With over 70 per cent of the UK’s gin made in Scotland, we tour some of the best gin distilleries in the country
MORE FROM SCOTLAND MAGAZINE
While whisky has long been considered Scotland’s national drink, gin is close on its tail, with around 70 distilleries currently producing the spirit, making Scotland one of the largest exporters of gin in the world.
Some of the gins made here in Scotland are household names – Gordon’s, Tanqueray and Hendrick’s – while many are small-batch distillers. A few are even made by established whisky-makers.
But why gin and why now? UK gin exports are now worth double what they were in 2010 and the Wine and Spirit Trade Association puts this largely down to what has been dubbed the ‘ginaissance’ – the rebranding of a spirit once labelled ‘Mother’s Ruin’, which is now seen as a fashionable drink.
Craft distillers cropping up all over the country pull together natural botanicals such as local plants and herbs, and fuse them with base ingredients to create fresh, clear spirits, best enjoyed with a squeeze of lemon or lime and some sparkling tonic water.
The appetite for gin appears to have no bounds. In Glasgow, The Gin Spa in the Merchant City uses botanicals in its rejuvenating treatments, while on the Isle of Colonsay you can escape on a Gin Lovers’ Retreat with Wild Thyme Spirits and immerse yourself in the Hebridean scenery in between tastings.
However, quite aside from food, drink or travel trends, there is a more practical reason for the increase in gin production. Anyone can tell you that whisky takes years to age and, well, gin doesn’t.
When a new whisky distillery starts up it can be a huge financial commitment for a fledgling business with no product to sell for five, or even 10 years; gin bridges the gap until the whisky is ready.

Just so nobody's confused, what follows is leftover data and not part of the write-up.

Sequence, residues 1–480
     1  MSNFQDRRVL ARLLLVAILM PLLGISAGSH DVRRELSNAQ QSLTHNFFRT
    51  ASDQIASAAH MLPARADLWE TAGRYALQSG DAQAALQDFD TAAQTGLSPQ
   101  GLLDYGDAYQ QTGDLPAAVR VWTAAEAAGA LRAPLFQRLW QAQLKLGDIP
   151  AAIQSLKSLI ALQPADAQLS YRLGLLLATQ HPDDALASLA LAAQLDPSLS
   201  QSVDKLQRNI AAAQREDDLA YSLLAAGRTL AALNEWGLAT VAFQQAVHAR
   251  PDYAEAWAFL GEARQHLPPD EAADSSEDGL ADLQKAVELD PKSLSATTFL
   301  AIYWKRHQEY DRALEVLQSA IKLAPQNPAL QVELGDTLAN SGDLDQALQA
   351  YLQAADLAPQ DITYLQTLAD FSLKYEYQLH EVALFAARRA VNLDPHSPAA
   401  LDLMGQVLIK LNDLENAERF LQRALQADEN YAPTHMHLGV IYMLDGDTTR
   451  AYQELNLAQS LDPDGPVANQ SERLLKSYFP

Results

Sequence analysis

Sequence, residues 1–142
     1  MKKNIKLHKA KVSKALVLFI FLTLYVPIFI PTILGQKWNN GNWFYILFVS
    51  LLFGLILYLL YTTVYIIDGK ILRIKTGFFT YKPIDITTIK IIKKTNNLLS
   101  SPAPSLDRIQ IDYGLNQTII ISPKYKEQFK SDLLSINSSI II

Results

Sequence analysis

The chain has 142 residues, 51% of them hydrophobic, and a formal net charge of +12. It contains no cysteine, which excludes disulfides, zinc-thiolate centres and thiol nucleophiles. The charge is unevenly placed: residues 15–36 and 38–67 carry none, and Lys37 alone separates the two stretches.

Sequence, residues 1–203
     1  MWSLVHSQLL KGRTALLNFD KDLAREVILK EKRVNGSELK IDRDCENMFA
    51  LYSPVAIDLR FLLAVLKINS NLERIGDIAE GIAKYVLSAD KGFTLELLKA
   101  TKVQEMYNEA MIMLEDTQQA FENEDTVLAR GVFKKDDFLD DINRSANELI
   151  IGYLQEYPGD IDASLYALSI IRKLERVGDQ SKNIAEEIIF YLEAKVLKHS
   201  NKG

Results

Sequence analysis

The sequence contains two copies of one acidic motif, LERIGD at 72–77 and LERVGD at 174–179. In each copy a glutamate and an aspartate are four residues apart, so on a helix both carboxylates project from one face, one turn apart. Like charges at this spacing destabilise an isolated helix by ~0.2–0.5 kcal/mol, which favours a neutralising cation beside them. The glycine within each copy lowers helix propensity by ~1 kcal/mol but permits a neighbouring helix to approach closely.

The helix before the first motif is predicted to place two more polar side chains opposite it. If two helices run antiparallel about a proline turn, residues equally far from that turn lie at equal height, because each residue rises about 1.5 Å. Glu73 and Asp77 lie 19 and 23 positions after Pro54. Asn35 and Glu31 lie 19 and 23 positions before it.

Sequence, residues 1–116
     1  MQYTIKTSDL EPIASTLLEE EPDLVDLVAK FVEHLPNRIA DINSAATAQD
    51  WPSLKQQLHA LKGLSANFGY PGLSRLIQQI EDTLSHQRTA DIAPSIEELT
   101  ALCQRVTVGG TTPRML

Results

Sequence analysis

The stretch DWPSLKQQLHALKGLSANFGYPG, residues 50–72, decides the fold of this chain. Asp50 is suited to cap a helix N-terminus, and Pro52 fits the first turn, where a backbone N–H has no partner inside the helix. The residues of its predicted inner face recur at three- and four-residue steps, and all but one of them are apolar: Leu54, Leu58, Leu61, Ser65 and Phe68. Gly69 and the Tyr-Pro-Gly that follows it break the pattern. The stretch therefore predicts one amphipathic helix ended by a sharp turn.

To sample some Scottish gin on Scottish soil, here are some of the best distilleries to visit, whether you’re a city dweller or prefer going off the beaten track.
Edinburgh has two renowned gin distilleries: the multi-award-winning Edinburgh Gin, distilling since 2010, and the lesser-known Pickering’s Gin, which opened in 2013.
The latter is housed in Summerhall, one of Edinburgh’s cooler arts venues, which is a popular hang-out during the city’s frenetic festival season. Everything at Pickering’s is done on site, from the distilling right through to the bottling and shipping.
Set up by two friends, Marcus and Matt – the stills are named after their grandmothers, Emily and Gertrude – it’s very much a small venture that feels very welcoming and friendly.
Tours are referred to as ‘gin jollys’ due to their relaxed nature. You can sip a gin and tonic while you hear about the distillery’s original 1947 Bombay recipe in the still room, followed by further tastings in the adjoining Royal Dick pub. If you happen to visit during next year’s festival and you have tickets for the Royal Tattoo, look out for special tours that take place for ticket holders.